Our CEO, Masego Madzwamuse presented at the Feminist Economics Summer School (FESS) in Johannesburg during January 2020. The summer school was hosted by Trade & Industrial Policy Strategies (TIPS) in partnership with the Institute for Economic Justice (IEJ) with an aim of raising the prominence of Feminist Economics among economics practitioners; academics, researchers, policy makers, students and activists.
The session explored key pillars of feminist economic theory, historical origins of Feminist Economics in relation to traditional economic orthodoxy, global division of labour, global care chains, financialisaton as well as other different economic implications in Africa.
In her presentation, Madzwamuse highlighted that Feminists Economics confronts the psychology of human behaviour in decision making. She further added that Feminist Economics challenges the different economic analysis that treat women as invisible. According to Madzwamuse, “labour that women provide in the agricultural context is not counted, small-scale farmers’ contributions are almost forgotten”.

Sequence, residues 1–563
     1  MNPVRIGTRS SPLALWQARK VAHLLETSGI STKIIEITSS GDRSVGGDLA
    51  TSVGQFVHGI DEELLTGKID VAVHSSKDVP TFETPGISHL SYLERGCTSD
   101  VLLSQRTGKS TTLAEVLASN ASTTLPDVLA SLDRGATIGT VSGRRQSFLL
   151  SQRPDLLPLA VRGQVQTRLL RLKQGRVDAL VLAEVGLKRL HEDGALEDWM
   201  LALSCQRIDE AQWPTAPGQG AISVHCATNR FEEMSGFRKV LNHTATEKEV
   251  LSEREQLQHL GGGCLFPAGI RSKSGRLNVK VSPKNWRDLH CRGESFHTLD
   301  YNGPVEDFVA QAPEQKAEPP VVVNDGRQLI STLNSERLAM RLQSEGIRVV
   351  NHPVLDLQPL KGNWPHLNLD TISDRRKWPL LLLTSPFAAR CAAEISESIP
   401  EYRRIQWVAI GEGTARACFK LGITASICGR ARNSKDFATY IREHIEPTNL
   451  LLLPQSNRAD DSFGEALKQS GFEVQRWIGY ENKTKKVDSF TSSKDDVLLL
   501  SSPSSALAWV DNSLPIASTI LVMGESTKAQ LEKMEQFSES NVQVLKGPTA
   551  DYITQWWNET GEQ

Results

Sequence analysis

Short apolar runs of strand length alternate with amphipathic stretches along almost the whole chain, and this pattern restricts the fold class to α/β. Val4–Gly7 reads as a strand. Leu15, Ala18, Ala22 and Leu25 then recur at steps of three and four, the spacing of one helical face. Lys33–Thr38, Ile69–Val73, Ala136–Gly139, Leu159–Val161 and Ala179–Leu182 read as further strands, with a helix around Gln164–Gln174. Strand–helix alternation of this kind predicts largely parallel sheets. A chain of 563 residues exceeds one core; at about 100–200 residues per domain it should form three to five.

In terms of methodology, mainstream economics is too focused on men and completely overlooks the contribution that women make to the economy. For instance, how Gross Development Product (GDP) is measured reflects a heavy bias on taking stock of value produced through wage labour in the formal sector and ignores the value of unpaid domestic care work carried out predominantly by women. Feminist economics establishes that economy is a method of social provisioning and gender is a central category for analysis.
Summer School follow up workshops will be conducted in the coming months. The aim of the workshops is to help to ensure that Feminists Economics is incorporated into economic teaching and practice. #FESS2020